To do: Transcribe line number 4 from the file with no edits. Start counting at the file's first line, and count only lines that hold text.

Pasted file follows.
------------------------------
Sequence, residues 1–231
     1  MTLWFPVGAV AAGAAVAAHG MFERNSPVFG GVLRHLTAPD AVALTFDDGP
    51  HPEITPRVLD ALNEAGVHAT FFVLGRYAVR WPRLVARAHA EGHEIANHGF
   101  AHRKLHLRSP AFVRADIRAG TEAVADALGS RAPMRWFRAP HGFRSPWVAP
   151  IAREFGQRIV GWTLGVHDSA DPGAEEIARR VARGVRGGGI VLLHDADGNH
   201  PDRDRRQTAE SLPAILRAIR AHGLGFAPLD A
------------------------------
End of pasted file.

   101  AHRKLHLRSP AFVRADIRAG TEAVADALGS RAPMRWFRAP HGFRSPWVAP